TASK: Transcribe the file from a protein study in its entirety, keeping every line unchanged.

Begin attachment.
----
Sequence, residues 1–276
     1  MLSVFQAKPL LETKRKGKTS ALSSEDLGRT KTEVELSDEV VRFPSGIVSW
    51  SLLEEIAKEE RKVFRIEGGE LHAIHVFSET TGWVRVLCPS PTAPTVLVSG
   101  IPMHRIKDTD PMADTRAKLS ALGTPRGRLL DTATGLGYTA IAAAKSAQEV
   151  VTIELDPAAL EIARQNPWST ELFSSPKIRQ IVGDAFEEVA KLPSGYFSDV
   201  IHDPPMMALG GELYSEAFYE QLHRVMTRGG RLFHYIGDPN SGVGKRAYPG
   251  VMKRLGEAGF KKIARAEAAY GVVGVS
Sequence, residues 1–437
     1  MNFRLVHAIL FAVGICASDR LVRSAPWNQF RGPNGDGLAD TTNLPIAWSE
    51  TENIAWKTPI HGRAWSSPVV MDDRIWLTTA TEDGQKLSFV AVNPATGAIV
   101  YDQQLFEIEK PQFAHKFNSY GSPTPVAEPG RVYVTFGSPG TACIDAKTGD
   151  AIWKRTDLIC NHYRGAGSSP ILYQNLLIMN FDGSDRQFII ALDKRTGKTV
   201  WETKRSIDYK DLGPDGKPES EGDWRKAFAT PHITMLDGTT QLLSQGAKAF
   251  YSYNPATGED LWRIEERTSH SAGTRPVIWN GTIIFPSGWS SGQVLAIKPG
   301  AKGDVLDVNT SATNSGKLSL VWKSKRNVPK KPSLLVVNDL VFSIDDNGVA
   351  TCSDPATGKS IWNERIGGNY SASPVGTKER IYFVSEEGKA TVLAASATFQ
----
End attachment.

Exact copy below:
Sequence, residues 1–276
     1  MLSVFQAKPL LETKRKGKTS ALSSEDLGRT KTEVELSDEV VRFPSGIVSW
    51  SLLEEIAKEE RKVFRIEGGE LHAIHVFSET TGWVRVLCPS PTAPTVLVSG
   101  IPMHRIKDTD PMADTRAKLS ALGTPRGRLL DTATGLGYTA IAAAKSAQEV
   151  VTIELDPAAL EIARQNPWST ELFSSPKIRQ IVGDAFEEVA KLPSGYFSDV
   201  IHDPPMMALG GELYSEAFYE QLHRVMTRGG RLFHYIGDPN SGVGKRAYPG
   251  VMKRLGEAGF KKIARAEAAY GVVGVS
Sequence, residues 1–437
     1  MNFRLVHAIL FAVGICASDR LVRSAPWNQF RGPNGDGLAD TTNLPIAWSE
    51  TENIAWKTPI HGRAWSSPVV MDDRIWLTTA TEDGQKLSFV AVNPATGAIV
   101  YDQQLFEIEK PQFAHKFNSY GSPTPVAEPG RVYVTFGSPG TACIDAKTGD
   151  AIWKRTDLIC NHYRGAGSSP ILYQNLLIMN FDGSDRQFII ALDKRTGKTV
   201  WETKRSIDYK DLGPDGKPES EGDWRKAFAT PHITMLDGTT QLLSQGAKAF
   251  YSYNPATGED LWRIEERTSH SAGTRPVIWN GTIIFPSGWS SGQVLAIKPG
   301  AKGDVLDVNT SATNSGKLSL VWKSKRNVPK KPSLLVVNDL VFSIDDNGVA
   351  TCSDPATGKS IWNERIGGNY SASPVGTKER IYFVSEEGKA TVLAASATFQ